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Monday, September 22, 2008

Argument analysis - another non-technical useless post

((( This post is about t scientific arguments, as in the method, presentation; and value, not as in the science itself )))

When two people engage in an argument, it's because they have colliding opinions on some issue, or they are not seeing the entire other side's opinion

There are 3 possible outcomes of an argument:
1- One side proves his opinion is correct/superior and the other one is wrong/inferior
2- They reach a compromise or a trade-off. In the first one (2A), they were both wrong, and in the second one (2B) they were both right
3- They fail to reach anything out of it

Outcome 1 and 2, will occur because one side is less knowledgeable than the other, in which case I wouldn't classify it as an argument per se but rather an inquiry (1A). But it also typically occur in research teams where the whole team is researching an new topic and no one is more knowledgeable than the other (1B).

Case 3 also doesn't qualify as an argument, because each side left thinking he is right and the other is wrong. Thus a consensus was not reached. There is 3 reasons why this can happen:
1- Communication failure (3A)
2- Both parties are not knowledgeable enough/or is too arrogant (3B)
3- The topic itself does contradict itself, or the field they were discussing was a based on pure un-proven theories (3C)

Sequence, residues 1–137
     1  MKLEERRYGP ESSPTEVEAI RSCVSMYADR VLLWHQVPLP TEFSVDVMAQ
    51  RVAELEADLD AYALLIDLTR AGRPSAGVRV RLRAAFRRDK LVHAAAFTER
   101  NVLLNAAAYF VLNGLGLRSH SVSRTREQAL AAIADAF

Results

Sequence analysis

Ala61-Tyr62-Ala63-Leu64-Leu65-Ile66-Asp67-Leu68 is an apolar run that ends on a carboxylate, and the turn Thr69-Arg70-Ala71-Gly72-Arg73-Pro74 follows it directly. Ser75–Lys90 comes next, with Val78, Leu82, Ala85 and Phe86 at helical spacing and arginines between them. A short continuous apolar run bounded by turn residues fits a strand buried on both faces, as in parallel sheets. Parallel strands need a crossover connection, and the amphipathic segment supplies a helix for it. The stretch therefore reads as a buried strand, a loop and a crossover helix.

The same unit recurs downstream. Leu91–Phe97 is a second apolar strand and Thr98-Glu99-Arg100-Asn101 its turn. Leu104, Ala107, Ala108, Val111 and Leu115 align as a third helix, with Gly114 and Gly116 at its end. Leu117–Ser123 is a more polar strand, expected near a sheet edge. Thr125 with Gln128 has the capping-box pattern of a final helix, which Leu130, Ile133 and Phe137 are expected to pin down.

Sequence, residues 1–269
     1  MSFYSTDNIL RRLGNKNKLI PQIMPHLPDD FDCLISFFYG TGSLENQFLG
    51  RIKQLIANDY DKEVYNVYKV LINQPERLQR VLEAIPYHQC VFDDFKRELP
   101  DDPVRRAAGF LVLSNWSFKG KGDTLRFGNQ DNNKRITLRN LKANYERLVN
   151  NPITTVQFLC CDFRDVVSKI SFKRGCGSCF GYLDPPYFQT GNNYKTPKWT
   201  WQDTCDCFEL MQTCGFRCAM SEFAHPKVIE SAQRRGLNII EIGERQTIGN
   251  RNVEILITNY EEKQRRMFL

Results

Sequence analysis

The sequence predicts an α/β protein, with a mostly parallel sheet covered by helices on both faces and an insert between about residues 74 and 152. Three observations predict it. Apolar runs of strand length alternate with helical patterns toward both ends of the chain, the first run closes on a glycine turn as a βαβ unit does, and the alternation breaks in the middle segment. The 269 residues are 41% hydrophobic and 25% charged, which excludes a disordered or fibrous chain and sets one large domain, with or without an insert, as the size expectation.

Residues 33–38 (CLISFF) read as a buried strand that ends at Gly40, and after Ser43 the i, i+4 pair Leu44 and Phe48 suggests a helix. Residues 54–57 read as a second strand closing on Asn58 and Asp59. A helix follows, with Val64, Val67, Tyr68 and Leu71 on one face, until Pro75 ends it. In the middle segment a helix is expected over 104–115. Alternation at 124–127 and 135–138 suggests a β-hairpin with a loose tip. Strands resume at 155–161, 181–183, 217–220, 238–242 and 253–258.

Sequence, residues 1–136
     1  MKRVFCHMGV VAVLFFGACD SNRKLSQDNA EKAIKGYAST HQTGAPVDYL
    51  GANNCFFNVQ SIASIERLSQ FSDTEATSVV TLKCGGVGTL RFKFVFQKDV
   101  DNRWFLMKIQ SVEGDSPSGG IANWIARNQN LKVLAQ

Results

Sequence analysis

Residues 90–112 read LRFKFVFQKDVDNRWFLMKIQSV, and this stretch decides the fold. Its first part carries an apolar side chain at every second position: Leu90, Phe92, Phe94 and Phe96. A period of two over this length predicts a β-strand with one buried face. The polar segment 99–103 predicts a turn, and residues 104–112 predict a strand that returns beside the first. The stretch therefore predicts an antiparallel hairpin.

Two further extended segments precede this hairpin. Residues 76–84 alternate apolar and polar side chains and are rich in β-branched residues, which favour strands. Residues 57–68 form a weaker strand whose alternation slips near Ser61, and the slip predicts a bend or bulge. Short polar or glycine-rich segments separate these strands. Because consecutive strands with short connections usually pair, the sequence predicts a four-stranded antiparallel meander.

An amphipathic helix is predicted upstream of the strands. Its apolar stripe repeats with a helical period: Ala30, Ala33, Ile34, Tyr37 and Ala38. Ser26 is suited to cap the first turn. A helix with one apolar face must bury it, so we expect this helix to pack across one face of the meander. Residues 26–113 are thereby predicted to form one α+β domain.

Each of these 3 cases doesn't allow for an "argument" in the first place

Case 2B (both right) can be divided into 2 cases 2B' and 2B''
- 2B' they didn't reach a trade-off but only demonstrated that they have the exact point of view but were failing to communicate
- 2B'' they reached a trade-off, combining pieces of knowledge and creativity they created something new

What we can come out from that ?
2B'' and 1B are great argument that leads to an advancement and is worth the time spent
1A is good, but doesn't really qualify as an argument

Other cases are just plain useless, waste of time, and worst of all, unweighted sum of 5 argument out of each 8 are so.
Weighted sum differes between different environment and cultures.

To analyse that, I'll split them into three classes, the Great (I), the Good (II), and the Ugly (III)
Class I contains cases 2B'' and 1B, Class II contains only case 1A, and Class III contains the rest.

I'll compare different environments here

(MPC = most probable class)

Barber shopIII
MITI (duh!)

I want to join MIT someday isA :)

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